Analysis of GO enrichment in adult tear samples. Differentially expressed proteins were derived from extracellular exosomes, vesicles, and organelles, which perform molecular functions including catalytic activity, cell adhesion molecule binding, cadherin binding, and hydrolase activity, and participate in biological process such as retinal homeostasis, myeloid leukocyte activation, cell secretion, and activation of immune responses.
Figure 5.
 
Analysis of GO enrichment in child tear samples. Differentially expressed proteins were derived from extracellular exosomes, vesicles and organelles, which perform molecular functions including catalytic activity, the same protein binding, protein complex binding, and carbohydrate derivative binding. With regard to biological processes, activation of myeloid leukocytes, leukocytes in immune responses, and regulation of cellular amine metabolism were associated with these differentially expressed genes.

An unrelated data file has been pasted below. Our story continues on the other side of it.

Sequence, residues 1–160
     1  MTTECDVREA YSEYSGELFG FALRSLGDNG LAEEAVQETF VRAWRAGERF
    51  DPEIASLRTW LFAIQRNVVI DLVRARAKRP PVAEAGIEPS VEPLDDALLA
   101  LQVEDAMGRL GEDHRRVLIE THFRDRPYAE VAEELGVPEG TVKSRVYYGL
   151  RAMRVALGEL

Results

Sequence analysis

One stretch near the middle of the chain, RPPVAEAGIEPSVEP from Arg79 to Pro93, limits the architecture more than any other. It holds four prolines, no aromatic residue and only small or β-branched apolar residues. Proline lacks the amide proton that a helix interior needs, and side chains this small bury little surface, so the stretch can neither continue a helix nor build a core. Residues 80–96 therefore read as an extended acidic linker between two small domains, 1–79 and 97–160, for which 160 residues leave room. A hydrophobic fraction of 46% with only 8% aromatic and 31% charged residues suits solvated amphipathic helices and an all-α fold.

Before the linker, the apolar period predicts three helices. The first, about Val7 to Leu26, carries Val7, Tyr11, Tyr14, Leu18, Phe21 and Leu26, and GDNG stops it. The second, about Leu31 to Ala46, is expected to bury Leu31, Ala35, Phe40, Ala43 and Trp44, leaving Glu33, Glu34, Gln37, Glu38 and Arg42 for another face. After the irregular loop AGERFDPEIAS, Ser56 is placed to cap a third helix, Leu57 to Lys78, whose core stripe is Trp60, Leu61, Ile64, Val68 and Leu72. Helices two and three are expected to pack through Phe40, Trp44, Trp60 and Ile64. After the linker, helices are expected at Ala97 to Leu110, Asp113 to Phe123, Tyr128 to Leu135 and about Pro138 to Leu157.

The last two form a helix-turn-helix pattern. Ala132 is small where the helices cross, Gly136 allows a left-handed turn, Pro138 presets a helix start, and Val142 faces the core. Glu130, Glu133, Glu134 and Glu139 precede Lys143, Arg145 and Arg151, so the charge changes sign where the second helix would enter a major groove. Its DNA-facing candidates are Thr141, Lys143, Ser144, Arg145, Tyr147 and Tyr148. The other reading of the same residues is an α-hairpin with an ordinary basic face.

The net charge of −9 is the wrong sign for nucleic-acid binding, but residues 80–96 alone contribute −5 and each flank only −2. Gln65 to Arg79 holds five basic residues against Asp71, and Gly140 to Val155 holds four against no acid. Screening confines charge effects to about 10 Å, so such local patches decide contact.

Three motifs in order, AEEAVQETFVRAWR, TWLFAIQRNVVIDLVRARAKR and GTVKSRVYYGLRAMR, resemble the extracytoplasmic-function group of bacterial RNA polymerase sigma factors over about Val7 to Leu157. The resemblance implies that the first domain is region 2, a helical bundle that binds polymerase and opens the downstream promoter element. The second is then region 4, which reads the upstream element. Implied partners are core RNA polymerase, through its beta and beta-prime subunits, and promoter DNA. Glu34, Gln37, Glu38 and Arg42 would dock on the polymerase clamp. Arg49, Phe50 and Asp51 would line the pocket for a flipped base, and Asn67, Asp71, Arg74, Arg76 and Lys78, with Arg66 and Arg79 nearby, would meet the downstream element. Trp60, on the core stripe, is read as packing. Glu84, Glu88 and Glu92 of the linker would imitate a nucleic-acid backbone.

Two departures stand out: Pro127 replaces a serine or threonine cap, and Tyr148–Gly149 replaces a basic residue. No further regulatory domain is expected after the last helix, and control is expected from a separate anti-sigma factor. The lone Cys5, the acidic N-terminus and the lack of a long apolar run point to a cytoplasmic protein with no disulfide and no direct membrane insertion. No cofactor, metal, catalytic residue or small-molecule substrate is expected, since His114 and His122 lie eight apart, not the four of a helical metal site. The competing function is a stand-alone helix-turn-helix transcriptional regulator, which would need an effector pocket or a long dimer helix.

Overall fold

Figure 5.
 
Analysis of GO enrichment in child tear samples. Differentially expressed proteins were derived from extracellular exosomes, vesicles and organelles, which perform molecular functions including catalytic activity, the same protein binding, protein complex binding, and carbohydrate derivative binding. With regard to biological processes, activation of myeloid leukocytes, leukocytes in immune responses, and regulation of cellular amine metabolism were associated with these differentially expressed genes.